The most immediate challenge with a form factor like Twin River is designing new processor platforms and motherboard designs that could be accommodated into the tiny enclosure. While Intel can use any of existing platform like the 8th generation Intel Core processor family or the newer 10th generation Core family, the design itself needs to be altered to match the enclosure designed for a dual-screen form factor.
During an interaction with BGR India, Intel executives acknowledged that they work closely with OEM partners to tailor its processor design for specific needs. Intel tells us that the difference between Twin River and Copper Harbor, the dual-screen concept shown at CES 2019, boils down to display size. While Copper Harbor focused on tablet size display, the Twin River pushes it to laptop size display.
For Intel, Twin River is more than defining the next wave of PC innovation and it is mainly an attempt to ensure it does not miss out on future wave of computing, like it did with mobile a decade ago. During my time with a prototype device developed under Twin River, the benefits were clear. The biggest advantage comes in the area of portability. The Twin River design seems to be conceptualized with tablets as a base and not laptop. Their folding nature allows them to extend into a laptop use case and the prototype device (see above) is so thin and light that most consumers would not even realize carrying one in their backpack.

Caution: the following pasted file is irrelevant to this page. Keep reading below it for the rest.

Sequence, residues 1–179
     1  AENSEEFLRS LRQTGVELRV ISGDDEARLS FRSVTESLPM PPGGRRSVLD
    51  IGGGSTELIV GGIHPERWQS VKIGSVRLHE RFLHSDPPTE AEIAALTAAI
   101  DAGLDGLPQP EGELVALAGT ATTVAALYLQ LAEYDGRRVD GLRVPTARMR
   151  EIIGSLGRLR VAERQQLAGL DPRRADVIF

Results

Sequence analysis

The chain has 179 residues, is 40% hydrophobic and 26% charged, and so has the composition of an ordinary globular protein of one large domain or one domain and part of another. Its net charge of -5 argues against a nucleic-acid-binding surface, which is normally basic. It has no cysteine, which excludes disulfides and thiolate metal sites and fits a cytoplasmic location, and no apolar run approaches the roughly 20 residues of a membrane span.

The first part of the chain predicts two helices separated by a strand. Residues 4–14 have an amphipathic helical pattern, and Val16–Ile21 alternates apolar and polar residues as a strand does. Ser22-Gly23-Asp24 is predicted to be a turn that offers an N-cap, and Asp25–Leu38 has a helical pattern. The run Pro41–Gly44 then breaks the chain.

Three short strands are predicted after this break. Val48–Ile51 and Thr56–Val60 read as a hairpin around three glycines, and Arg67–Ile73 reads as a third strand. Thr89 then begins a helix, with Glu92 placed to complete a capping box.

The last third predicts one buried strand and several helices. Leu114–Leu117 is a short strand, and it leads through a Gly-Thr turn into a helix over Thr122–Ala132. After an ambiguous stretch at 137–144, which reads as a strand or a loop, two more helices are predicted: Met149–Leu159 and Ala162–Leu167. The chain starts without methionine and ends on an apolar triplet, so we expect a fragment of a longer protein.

The other advantage of a Twin River design is instant on connectivity. With Ultrabook, Intel made it possible for laptops to boot in 10 seconds, but the design of future is meant to work just like your smartphone. It is supposed to be always on and resume your activity without any compromise in performance or decline in battery life. Intel rather than looking at partners to address these issues, found a solution on its own. The company has developed 1W panels that draw less power than conventional LCD panels and yet offer similar brightness and contrast. These panels are yet to become mainstream, but Intel is pushing it as the only way forward for future form factors, especially those with dual-screens or foldable screens.